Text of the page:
Remarks at a Memorial Service for Jack McAuliffe in Syracuse, New York
Millie; John, Joe, Tom, Terry; all the family and the grandchildren; reverend clergy. I want to thank the people who came with us today: our leader, Dick Gephardt, and his wife, Jane, and Senator Dodd and Congressman Coelho.
Hillary and I are here because we really liked Jack McAuliffe. And I know most people will say, "Well, the President came because Terry did so much for him." Truth is, I came for Joe. I thought we ought to have an Irish-Protestant support group here in this church. [Laughter]
One wonderful nun reached over to me during communion and said, "Thank you so much for what you did for Ireland." I said, "I had to do it. It's about time we started getting along."
I want to say just a few things. I spent quite a bit of time thinking about what I would say in my couple of minutes. Most of what I wanted to say has been said. But you know, when a great human being passes away, people search around in their minds for some part of the Scripture that captures that person. We talked about it a lot already today. Proverbs says, "A happy heart doeth good like medicine, but a broken spirit drieth the bone"—that God loves a cheerful giver. That's what Jack McAuliffe was. He knew it was more blessed to give than to receive. But nothing is more distasteful than someone who's out there doing good and wants you to know it every minute of the day.
Jack McAuliffe was a cheerful giver. Whether it was in risking his life in the Pacific or leading campaigns here to build a church for his neighbors or schools for the kids or cheering and giving to Notre Dame or the Democratic Party or spending time imparting all the lessons to his children that you heard about or just buying a round at the local bar, he was a cheerful giver.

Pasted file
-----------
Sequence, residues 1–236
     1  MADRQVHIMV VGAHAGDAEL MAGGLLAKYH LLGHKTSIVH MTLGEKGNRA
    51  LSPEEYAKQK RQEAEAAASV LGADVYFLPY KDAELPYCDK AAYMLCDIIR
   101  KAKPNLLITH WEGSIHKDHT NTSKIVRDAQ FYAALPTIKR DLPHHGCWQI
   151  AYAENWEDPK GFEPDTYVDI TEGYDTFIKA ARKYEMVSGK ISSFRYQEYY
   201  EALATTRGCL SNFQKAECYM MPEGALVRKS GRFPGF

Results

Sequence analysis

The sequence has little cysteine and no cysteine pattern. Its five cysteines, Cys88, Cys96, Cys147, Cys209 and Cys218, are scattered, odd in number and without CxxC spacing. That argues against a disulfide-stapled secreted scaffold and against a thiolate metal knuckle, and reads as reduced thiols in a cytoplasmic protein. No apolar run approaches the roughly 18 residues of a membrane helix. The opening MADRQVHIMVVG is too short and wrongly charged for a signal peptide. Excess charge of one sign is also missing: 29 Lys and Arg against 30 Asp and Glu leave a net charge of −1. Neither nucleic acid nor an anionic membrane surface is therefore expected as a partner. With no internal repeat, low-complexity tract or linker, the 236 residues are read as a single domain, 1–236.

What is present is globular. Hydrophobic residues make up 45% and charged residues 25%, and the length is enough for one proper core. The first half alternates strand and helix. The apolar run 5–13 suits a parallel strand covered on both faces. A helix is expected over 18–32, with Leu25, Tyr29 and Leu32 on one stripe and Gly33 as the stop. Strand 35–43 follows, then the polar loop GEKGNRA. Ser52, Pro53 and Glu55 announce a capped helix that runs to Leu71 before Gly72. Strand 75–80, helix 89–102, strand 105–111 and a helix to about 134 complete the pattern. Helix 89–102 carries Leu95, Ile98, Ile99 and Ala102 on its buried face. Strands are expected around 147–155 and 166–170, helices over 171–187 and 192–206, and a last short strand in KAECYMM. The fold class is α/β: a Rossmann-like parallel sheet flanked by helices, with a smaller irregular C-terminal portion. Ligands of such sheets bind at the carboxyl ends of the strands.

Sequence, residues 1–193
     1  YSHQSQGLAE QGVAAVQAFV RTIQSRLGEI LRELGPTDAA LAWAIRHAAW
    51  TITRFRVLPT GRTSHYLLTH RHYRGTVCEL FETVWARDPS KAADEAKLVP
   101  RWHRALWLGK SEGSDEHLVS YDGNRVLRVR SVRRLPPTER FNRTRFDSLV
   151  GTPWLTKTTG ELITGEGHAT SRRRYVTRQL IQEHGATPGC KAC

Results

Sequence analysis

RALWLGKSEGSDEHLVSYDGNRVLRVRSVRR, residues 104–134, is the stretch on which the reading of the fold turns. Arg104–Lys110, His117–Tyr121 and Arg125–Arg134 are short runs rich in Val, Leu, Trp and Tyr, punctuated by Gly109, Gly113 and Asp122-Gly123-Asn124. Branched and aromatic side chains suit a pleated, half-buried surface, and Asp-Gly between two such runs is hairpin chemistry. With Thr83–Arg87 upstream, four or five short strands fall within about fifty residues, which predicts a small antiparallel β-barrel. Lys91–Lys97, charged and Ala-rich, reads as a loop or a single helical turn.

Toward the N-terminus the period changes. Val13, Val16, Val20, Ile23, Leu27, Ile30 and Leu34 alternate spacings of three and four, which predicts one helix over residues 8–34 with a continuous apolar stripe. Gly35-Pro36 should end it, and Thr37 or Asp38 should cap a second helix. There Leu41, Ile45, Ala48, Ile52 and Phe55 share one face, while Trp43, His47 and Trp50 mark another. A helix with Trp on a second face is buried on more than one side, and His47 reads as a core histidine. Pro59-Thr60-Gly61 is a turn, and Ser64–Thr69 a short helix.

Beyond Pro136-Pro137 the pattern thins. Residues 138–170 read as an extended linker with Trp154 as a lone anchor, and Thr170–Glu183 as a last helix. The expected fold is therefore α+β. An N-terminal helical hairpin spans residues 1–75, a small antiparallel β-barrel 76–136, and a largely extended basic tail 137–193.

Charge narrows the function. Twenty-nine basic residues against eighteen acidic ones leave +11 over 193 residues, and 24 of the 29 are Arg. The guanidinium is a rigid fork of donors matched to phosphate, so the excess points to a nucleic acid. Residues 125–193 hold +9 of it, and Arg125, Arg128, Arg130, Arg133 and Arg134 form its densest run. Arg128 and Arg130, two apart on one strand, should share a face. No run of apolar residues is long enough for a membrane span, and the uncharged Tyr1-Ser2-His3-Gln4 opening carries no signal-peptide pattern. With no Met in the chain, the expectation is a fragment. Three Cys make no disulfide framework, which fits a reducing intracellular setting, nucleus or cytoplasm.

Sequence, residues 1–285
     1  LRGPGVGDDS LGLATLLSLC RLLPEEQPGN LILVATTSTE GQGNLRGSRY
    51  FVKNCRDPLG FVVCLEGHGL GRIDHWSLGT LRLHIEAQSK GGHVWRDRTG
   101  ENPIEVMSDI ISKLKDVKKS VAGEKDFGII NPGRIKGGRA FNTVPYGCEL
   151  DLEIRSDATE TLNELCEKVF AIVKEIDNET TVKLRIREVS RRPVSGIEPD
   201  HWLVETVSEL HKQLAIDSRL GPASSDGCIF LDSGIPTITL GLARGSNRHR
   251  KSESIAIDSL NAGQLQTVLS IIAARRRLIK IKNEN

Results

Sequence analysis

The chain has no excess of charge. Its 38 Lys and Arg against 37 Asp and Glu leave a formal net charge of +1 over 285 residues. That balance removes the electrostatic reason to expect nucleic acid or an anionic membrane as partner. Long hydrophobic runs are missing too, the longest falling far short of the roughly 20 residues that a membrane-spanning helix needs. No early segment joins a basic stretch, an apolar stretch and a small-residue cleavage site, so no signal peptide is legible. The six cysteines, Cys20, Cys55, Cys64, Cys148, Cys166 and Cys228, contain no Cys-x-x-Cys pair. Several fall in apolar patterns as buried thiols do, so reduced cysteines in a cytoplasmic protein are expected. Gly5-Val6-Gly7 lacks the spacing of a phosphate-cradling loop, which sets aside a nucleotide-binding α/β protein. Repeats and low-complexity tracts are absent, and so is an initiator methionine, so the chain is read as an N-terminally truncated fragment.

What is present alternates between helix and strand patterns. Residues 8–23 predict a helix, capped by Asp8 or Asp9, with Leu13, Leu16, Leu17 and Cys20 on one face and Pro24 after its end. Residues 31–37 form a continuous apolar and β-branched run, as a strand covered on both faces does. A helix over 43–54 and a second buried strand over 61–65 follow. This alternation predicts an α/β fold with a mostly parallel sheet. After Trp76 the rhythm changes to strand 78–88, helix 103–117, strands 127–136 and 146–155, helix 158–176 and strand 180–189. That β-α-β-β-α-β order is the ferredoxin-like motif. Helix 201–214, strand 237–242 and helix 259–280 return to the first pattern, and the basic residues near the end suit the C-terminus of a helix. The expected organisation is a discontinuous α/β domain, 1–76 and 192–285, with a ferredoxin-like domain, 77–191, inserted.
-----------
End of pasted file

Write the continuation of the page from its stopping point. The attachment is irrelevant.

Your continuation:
And every time I was around him, I felt better. And so did you, and that's why you're here today. He gave more to us than any of us outside his family gave to him. And we showed up to say, "You gave us a lesson in life. We loved you for it, and we're grateful."
I have to say a little something about his ties to the Democratic Party. He was the county Democratic treasurer here for decades. And he started Terry out as a political fundraiser when he was 6 years old. I've heard this story—no matter how many times, I never get tired of it.
When Terry was 6, on the night of the Onondaga County Democratic dinner, his dad sat him down at a card table outside the ballroom at the Hotel Syracuse and said, "Don't let anybody in who hasn't paid." [Laughter] Terry immediately found his true calling in life. [Laughter] And you know, when he got up here, the first words out of his mouth were that his Republican brother paid. [Laughter] So thanks, Jack, you did good.
I'll always be grateful because Jack showed me something about going through life and staying young by never losing your enthusiasm. You know, he didn't take—he was very proud of Terry's role in politics, but he didn't think it meant that he was now too good to do the basic work of politics. He was out there putting up yard signs for Hillary in this campaign when he was 83 years old. And I think he was pretty pleased at the way things came out.
I also like the fact that he didn't lose his spirit when it didn't all work the way he thought it should. I mean, he thought Notre Dame should never lose, and he had what in this year turned out to be a bizarre idea: He thought all votes should actually be counted. [Laughter] But he just kept chugging along, you know? And he made me even feel better about all of that.
Terry, of all the things you've done for me, turns out none of them was better than the chance you gave me to be your father's friend. His memory will always bring a smile to the face of all of us who knew him, and we'll always miss him. But I rejoice in the fact that Jack, the cheerful giver, is in his rightful place, where the road is always rising and the wind is always at his back, and he is always in the hollow of God's hand. Thank you, Jack.
NOTE: The President spoke at 11:45 a.m. at the Cathedral of the Immaculate Conception. In his remarks, he referred to Jack McAuliffe's widow, Millie, and their children, John E., Jr., Joseph R., Thomas J., and Terence McAuliffe; and former Congressman Tony Coelho.
William J. Clinton, Remarks at a Memorial Service for Jack McAuliffe in Syracuse, New York Online by Gerhard Peters and John T. Woolley, The American Presidency Project https://www.presidency.ucsb.edu/node/228089